After the Revolutionary War began, Revere served as a lieutenant colonel in the Massachusetts State Train of Artillery and commanded Castle Island in the harbor.
Revere’s military career was unremarkable and ended with the failed Penobscot expedition in 1779 during which he disobeyed orders and was charged with insubordination, ordered to resign command of Castle Island and was placed temporarily under house arrest.
Convinced that the incident was not his fault, Revere wrote a letter to General William Heath, dated October 24 of 1779, complaining that many of his fellow patriots, including his old rival William Burbeck, were conspiring against him:
“There was one Carnes, who was officer of marines, was persuaded to enter a complaint to Council against me, and they arrested me. After I got home, I awaited on Council; I gave them an account of the expedition. They ordered me to take the command of the Castle again (for during my absence, the command was given to Col. Crafts). But the plan was too deep laid for me to stay there long. General Hancock was appointed one of a committee to fortify the Castle, about the time I was order’d to Penobscot. He went to the Castle the next week after I was gone. He found fault with every thing there, Col. Burbeck urged him on, when he went to Boston he told in all companys that none but Col. Revere would have left the Castle in such a situation…Ned Greene was employed by the Committee as a sort of secretary, and he to git me from the Castle propagated that the men would not go to work there, if I staid, so he perswaded this Carnes to enter a complaint against me (this Carnes said upon oath). The Council arrested me on Monday, and ordered me to my house in Boston, and on Wednesday took the arrest off and ordered me to attend the Committee of Enquirey (They gave the command to Capt. Cushing for the time being, since which Gen Handcock [sic] is appointed Captain of the Castle, and Col Burbeck Capt Lieu of the Castle, &)…”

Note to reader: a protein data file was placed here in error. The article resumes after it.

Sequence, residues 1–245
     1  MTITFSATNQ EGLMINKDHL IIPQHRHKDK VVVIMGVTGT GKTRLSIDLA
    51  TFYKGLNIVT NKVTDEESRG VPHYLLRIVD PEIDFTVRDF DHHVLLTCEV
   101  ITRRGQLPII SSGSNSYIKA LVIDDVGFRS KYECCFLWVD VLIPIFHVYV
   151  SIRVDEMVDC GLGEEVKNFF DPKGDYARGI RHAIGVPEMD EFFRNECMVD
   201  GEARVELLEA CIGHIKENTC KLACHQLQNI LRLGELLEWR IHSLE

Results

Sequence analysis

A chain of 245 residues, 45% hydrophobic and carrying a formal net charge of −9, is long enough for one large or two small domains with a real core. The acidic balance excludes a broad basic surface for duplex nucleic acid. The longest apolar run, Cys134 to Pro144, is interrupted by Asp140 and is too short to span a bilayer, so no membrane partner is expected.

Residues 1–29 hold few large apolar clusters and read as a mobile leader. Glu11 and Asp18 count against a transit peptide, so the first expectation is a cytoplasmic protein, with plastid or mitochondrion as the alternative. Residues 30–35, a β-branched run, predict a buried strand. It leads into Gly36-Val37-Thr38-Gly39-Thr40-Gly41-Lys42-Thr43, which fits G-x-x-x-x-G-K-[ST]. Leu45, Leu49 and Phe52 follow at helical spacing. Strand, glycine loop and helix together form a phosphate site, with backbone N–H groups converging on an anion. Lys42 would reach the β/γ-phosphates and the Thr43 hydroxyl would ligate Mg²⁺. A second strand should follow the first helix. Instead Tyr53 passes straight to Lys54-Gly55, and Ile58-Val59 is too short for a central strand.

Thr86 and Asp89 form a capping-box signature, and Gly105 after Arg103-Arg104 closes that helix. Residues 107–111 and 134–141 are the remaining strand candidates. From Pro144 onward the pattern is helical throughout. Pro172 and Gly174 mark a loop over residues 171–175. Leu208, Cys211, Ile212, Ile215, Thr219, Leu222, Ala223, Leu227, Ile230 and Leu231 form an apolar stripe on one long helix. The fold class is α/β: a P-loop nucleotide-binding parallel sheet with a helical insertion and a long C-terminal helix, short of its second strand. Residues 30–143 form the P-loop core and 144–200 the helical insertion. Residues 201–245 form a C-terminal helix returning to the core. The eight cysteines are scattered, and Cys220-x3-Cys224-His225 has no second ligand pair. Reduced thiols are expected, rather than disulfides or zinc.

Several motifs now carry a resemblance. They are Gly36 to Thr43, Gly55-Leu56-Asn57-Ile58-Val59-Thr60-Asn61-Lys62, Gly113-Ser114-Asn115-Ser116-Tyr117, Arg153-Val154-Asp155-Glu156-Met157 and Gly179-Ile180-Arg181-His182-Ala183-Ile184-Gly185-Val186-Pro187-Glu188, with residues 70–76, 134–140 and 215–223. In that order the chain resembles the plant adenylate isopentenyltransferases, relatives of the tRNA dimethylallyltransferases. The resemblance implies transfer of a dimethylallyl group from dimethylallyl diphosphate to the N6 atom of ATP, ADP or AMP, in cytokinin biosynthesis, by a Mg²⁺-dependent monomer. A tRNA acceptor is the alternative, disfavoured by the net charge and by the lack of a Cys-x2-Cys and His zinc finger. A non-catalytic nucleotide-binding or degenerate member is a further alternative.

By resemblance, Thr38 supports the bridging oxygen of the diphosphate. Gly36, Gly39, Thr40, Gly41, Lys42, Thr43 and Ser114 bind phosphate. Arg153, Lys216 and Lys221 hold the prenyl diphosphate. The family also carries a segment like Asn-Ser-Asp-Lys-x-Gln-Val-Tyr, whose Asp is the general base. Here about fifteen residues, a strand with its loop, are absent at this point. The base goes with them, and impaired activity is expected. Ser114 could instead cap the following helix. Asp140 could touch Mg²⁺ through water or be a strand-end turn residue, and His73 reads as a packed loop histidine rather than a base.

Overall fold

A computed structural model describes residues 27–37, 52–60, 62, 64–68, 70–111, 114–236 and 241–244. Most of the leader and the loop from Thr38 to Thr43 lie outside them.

Revere was eventually court martialed and acquitted in 1782 but the debacle brought an end to his hopes of a military career.
Paul Revere After the American Revolution:
After the revolution, Revere expanded his business and began exporting his goods to England. He also ran a small hardware store until 1789 and ran his own foundry where he made bolts, spikes and nails for local ships. Revere also produced cannons and cast bells.